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Windy and gusty day at the South Shetland Islands. Landing at Half Moon Island and ship’s cruise at Edinburgh Hill

Of rough beauty and usually under boisterous weather, South Shetlands were the first land we all saw yesterday after the few last days crossing the Drake Passage. Not just for us, but this large archipelago represented the first sight ever of Antarctica. Controversial reports date it back all the way to 1598, when the Dutch merchant Dirck Gherritz, on board the Blidje Bootschap, was blown southwards of South America by a furious storm, reporting some lands at his return. Other un-orthodox account date from 1603, when Gabriel de Castilla in 1603, while sailing from Peru to the Straits of Magellan, was also blown south. But proper word and accepted documents had to wait until 1819, when the merchant William Smith, as many others before, was blown south off Cape Horn, ending up at about 62ºS where William sighted land. A year later a British Navy Expedition was put together to investigate these new lands. Since they lay at an equivalent latitude of the Scottish Shetlands, they were named “South Shetland”. Captain Edward Bransfield with William Smith on board plus a crew of 43, sailed south from the Chilean city of Valparaiso, sighting Livingston Island on the 16thJan 1820. Many other islands and passages were found during this trip, and their findings led to a large-scale commercial sealing and whaling in Antarctic waters. Many of their vessels ventured in the new and uncharted icy seas, discovering many sub-Antarctic and Antarctic places. Just like the destination planned for this morning. In the early hours, and after yesterday’s battering against raging winds and seas, Europa, under the capable hands of her Captain and Mate, find herself at anchor at the crescent shaped island of Half Moon. A beautiful small island already known by the sealers in 1821. Its name, which suggests its shape, appears on a chart based upon a 1935 survey by the Discovery II expedition.

The promising calm weather conditions made for starting all preparations for our first steps ashore. But the calm winds and seas didn’t last long. Quite suddenly wind picks up and the ship drags anchor under blows and gusts up to 40kn. The new situation needed for a re-assessment. Soon is decided to give it a try and go ahead with the landing attempt. Anchor is heaved and the ship is kept adrift and under engine, able to offer some lee from the waves and wind in a dynamic position. Meanwhile an exciting shuttle on the rubber boats brought everybody safely ashore for a couple of hours outing. We land on the surge of a gravel beach, laying at the eastern end of the 1.25 miles long island, amongst numerous Fur seals, Gentoo and Chinstrap penguins. Next to us, the remains of an old wooden whaling boat, dating from the early nineteen hundreds. Nowadays Half Moon is home for a large Chinstrap penguin rookery,a smaller gentoo penguin group, plus nesting sites for Wilson Storm petrels, Kelp gulls, Antarctic terns and Antarctic shags. Built in 1953, the Argentine Base “Camara Station” lies at the western shores of the island, visible from our landingsite.Another rough zodiac ride back to the ship, and after lunch Europa heads into the Mc Farlane Strait northwards, for a short visit with the ship to the spectacular rock formation of Edinburgh Hill. The patterned cliffs standing nearly 150 meters straight out of the sea, form the N side of the entrance to Moon Bay in the E part of Livingston Island. First photographed and named by Scottish geologist David Ferguson in 1913-14, they show a classic columnar basalt formation, beautifully deformed into a smooth bellied curve. They display a striking soft grey colour against the bright glaciers which surround it. Where the columns are shattered, at the base and summit, Xanthorialichens are a rich rust red and golden yellow colour. A superb natural stone carving amidst the wild weather we are still experiencing, the low clouds and light rain and snowfall gave the area a touch of mystery.With time enough to have a good look at it, Europa turns around and heads towards the Bransfield Strait, where again, strong headwinds await for us. With the heavy weather on our nose, it will take a while to reach our next destination, the famous Deception Island, over 40nm further to the SSW. Pitching against the swell and gusts of about 40kn of wind, it will take the whole night to reach it.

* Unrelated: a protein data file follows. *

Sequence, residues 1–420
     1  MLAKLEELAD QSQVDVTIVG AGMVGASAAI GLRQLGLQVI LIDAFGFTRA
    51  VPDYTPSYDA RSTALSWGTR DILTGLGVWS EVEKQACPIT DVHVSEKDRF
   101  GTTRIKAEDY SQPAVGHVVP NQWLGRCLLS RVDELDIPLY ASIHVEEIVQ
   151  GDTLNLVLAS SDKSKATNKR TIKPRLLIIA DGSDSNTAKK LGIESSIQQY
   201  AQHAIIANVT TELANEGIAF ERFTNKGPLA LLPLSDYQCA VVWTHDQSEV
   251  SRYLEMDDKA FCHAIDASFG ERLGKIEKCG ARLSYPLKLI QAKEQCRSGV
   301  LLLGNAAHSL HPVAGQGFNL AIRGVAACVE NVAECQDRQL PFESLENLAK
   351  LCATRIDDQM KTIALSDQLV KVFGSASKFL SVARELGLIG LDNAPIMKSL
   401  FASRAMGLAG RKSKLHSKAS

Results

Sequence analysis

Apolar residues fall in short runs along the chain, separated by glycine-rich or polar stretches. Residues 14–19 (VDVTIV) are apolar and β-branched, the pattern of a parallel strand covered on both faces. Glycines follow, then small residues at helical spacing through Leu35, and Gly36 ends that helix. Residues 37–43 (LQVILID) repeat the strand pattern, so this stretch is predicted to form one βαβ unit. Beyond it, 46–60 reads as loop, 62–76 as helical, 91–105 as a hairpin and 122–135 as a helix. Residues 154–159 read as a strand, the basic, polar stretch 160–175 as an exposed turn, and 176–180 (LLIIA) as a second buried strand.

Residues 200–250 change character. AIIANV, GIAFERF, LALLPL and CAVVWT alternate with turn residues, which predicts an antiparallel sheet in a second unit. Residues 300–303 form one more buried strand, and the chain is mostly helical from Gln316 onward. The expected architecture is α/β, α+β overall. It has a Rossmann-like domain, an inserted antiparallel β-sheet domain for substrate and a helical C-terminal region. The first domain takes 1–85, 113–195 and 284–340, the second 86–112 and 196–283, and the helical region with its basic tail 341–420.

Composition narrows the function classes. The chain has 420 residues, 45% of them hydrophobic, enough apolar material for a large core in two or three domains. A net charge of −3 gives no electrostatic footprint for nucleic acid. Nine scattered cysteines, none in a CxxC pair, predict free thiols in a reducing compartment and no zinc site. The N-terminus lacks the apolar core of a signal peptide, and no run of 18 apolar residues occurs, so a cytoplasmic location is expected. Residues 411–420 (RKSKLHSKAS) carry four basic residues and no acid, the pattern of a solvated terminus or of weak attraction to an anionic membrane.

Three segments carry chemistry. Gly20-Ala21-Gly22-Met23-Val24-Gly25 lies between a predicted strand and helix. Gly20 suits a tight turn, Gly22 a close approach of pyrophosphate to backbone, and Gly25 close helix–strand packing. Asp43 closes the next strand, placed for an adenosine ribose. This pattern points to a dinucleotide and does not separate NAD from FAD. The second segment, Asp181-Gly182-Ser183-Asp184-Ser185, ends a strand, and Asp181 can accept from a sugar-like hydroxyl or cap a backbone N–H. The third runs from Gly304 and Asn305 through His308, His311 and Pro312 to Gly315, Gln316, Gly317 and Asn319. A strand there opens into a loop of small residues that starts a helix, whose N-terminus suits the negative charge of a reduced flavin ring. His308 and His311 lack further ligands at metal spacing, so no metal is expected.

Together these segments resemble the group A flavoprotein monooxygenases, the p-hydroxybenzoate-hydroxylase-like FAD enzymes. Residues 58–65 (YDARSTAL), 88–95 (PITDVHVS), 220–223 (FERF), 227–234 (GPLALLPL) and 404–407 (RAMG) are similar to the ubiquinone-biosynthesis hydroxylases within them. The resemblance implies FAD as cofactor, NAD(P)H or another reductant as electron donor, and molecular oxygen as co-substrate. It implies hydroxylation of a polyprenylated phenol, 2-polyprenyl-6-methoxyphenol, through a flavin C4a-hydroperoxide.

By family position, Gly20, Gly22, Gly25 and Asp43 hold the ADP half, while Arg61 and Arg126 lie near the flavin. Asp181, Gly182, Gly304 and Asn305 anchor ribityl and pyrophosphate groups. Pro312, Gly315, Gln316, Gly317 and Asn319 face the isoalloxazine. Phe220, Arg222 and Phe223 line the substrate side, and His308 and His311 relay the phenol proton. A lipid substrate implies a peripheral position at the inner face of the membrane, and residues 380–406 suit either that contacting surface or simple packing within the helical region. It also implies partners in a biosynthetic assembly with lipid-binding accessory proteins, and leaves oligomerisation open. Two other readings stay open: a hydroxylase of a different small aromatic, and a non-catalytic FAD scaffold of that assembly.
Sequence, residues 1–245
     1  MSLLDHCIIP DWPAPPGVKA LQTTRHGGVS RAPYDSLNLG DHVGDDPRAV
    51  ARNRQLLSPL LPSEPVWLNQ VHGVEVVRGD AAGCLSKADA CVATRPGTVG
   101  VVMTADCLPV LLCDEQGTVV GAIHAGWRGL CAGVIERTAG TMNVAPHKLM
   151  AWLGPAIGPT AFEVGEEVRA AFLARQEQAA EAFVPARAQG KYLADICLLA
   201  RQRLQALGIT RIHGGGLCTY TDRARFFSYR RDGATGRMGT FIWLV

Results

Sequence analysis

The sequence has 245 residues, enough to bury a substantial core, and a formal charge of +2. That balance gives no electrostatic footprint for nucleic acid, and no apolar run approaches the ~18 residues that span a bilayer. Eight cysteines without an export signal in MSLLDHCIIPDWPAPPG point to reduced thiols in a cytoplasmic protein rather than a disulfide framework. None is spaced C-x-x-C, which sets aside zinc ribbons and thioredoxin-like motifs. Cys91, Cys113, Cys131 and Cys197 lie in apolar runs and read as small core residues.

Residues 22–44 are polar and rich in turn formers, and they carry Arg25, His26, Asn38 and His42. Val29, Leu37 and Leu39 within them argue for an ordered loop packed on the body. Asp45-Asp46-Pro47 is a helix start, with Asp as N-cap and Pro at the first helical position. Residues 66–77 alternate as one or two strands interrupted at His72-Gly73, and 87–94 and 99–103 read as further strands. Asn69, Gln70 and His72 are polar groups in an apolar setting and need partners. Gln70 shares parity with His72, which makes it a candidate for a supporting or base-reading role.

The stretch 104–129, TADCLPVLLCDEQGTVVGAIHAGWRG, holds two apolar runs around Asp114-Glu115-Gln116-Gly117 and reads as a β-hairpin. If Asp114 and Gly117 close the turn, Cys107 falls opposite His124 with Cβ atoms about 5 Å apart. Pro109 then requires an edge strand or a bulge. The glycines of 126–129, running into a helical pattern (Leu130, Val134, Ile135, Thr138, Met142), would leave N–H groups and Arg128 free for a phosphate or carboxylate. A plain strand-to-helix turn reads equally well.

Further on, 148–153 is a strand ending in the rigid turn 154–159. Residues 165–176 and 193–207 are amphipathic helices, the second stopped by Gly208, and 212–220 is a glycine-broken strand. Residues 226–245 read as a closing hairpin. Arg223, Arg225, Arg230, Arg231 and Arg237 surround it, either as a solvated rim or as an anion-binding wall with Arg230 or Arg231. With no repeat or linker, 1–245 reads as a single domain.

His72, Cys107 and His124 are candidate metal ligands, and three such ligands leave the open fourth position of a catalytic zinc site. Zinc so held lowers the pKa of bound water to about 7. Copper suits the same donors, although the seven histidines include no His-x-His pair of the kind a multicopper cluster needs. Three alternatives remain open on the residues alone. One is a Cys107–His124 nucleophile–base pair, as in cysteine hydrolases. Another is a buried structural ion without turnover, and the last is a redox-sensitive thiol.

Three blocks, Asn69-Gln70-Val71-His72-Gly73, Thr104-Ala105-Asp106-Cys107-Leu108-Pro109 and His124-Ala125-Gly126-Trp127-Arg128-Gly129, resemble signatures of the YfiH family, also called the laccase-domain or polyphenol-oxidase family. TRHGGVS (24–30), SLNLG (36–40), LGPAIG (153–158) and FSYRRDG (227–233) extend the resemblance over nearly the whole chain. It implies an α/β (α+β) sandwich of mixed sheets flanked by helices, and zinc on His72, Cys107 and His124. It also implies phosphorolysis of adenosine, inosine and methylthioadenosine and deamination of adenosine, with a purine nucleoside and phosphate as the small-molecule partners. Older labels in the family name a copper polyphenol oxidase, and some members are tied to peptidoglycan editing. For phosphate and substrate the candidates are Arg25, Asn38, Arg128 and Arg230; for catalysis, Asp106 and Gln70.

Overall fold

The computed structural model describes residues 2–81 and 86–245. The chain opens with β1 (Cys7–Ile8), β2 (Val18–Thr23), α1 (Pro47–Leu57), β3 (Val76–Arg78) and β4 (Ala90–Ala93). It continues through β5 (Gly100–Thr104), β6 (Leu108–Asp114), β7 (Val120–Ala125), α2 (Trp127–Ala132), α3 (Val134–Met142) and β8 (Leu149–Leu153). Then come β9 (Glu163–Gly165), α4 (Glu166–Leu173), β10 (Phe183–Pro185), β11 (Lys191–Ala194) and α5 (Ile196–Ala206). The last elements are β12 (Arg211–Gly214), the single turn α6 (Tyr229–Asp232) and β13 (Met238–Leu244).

Written by:
Jordi Plana Morales | Expedition Guide | Bark EUROPA

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